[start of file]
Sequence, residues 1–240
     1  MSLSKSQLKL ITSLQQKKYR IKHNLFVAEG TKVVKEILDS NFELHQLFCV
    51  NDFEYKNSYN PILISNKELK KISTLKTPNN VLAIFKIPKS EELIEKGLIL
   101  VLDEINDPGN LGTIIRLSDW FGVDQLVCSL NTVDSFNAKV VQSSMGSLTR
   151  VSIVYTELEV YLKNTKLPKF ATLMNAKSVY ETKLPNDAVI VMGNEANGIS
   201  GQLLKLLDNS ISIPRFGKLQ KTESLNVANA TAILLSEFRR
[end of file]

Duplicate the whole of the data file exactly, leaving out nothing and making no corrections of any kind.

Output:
Sequence, residues 1–240
     1  MSLSKSQLKL ITSLQQKKYR IKHNLFVAEG TKVVKEILDS NFELHQLFCV
    51  NDFEYKNSYN PILISNKELK KISTLKTPNN VLAIFKIPKS EELIEKGLIL
   101  VLDEINDPGN LGTIIRLSDW FGVDQLVCSL NTVDSFNAKV VQSSMGSLTR
   151  VSIVYTELEV YLKNTKLPKF ATLMNAKSVY ETKLPNDAVI VMGNEANGIS
   201  GQLLKLLDNS ISIPRFGKLQ KTESLNVANA TAILLSEFRR